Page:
I am my own personal space parking cop. A brown bomber of boundaries. I recall my first overseas trip in the 1980's. My girlfriend and I were standing in a crowded bus in Rome, blonde whitebait squeezed in amongst the dark haired sardines. We were facing the side and two nuns, imposing in their black habits and sitting adjacent, smiled indulgently at us. After a short while, they began clicking their tongues, talking animatedly in Italian and shooting thunderous looks at the two young men sandwiched behind us. It took us a little longer to realise, that the once crowded bus had progressively emptied with each stop and there was now no reason for the young men to be pressing up against us. Ah the innocence of the maiden traveller. Perhaps this is where the need to protect my aura began.
These days my vehicle of choice is a car (and don't get me started on tail-gaters). I sometimes drive to the club for a meal at the bistro. To place my order, I dutifully join the queue, a long, laborious line that never seems to shorten. Adding to my frustration, the woman behind me is standing so close I can feel her breath on the back of my head. She then proceeds to turn and talk to the person behind her, each time bumping me with her shoulder bag. Is it really necessary to stand that close to me?
Off to the supermarket I go, lining up again at the checkouts. Must people park their trolleys so close that they ram the back of my ankles? Once I start unloading my goods onto the conveyor belt, what is the point of keeping their trolley two centimetres from mine, accidentally nudging me forward. An ill-conceived attempt to hasten my exit? It wont make the cashier go any faster! I am tempted to use the bottle of “Buzz Off” in my shopping, for purposes other than for which it was intended.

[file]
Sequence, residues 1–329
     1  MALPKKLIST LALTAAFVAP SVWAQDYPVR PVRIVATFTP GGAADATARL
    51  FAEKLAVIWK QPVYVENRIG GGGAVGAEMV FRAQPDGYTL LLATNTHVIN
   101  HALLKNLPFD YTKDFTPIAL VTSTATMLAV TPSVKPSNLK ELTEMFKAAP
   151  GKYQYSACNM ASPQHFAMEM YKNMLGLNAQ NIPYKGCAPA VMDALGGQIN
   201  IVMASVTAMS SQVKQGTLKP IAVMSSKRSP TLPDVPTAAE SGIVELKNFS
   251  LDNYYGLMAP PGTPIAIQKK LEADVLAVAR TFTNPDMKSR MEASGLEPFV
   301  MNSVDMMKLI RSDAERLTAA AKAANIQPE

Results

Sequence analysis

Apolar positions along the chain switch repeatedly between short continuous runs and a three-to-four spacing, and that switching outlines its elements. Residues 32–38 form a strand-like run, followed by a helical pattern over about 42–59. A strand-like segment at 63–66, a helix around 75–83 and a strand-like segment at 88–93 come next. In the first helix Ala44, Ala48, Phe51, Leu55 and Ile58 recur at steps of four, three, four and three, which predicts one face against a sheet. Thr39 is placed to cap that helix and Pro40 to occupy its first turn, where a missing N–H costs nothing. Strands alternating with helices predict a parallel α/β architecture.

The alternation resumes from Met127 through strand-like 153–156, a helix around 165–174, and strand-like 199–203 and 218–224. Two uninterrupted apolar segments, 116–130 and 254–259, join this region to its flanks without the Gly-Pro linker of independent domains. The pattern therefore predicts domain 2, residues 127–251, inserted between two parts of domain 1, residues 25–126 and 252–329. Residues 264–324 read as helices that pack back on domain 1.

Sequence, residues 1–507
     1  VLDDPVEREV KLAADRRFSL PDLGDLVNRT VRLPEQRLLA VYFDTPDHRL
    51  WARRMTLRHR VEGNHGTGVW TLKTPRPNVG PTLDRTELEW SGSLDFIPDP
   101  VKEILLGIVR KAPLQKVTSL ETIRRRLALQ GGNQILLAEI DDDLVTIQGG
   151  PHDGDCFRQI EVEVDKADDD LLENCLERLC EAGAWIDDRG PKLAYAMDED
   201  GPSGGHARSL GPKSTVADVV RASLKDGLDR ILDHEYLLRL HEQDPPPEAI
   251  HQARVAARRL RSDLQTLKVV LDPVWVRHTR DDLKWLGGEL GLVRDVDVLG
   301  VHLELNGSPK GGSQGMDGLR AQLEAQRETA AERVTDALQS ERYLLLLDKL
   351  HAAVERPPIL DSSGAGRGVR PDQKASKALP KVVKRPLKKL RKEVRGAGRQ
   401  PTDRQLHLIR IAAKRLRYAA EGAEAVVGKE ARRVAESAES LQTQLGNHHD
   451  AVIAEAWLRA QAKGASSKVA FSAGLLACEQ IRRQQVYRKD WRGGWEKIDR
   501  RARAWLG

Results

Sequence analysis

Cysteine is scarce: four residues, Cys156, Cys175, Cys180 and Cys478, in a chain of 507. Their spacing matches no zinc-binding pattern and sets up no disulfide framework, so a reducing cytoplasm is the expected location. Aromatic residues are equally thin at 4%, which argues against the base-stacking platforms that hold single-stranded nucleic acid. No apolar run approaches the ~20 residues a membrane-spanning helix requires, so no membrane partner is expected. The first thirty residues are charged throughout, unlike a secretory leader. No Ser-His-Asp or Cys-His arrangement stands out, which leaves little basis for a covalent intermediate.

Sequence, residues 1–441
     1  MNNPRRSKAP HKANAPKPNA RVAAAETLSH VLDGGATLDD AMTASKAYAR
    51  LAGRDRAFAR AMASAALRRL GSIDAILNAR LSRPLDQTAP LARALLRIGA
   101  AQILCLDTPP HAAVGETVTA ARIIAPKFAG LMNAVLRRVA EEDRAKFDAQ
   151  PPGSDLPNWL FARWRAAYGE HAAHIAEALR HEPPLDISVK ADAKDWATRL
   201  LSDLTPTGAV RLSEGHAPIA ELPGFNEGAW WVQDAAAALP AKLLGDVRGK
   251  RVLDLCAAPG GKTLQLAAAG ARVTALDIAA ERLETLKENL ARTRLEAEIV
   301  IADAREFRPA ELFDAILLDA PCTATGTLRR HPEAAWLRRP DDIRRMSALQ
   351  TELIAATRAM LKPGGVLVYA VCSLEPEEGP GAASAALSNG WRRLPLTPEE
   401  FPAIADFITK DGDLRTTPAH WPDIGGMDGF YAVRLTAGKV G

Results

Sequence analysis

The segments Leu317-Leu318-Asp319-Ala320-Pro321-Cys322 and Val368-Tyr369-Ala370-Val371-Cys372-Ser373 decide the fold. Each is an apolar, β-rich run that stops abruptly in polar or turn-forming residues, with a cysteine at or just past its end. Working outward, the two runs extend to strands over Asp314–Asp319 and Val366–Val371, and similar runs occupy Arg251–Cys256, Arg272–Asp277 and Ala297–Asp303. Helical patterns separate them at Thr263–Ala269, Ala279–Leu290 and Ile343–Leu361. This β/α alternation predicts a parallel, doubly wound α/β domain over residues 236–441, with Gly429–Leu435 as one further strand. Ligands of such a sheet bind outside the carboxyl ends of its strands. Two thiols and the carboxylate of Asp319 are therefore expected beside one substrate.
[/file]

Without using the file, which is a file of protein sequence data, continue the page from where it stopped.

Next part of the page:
I learn a partner dance several nights a week. Yeah, I know, dance is a contact sport. However some guys take this a bit too literally, spinning you around and thrusting you against their chests with vice like arms. I guarantee I waste so much lipstick on men's shirt fronts when my dial lands like a projectile into their impertinent pecs. When the man is vertically challenged, a different and particularly discomforting scenario arises. I often end up eye to eye with him and with an alarming case of Strabismus. The worse case is what I call “StrabismusDyspnoea” where the man is too close to my face, has bad breath and body odour! The joy of dance.
So, these are my laws. If you do want to enter my zone, please indicate and wait for me to give you a wave. When changing lanes, please bring with you breath mints, deodorant and a heightened awareness of distance, or you may find yourself side-swiped and slapped with a fine.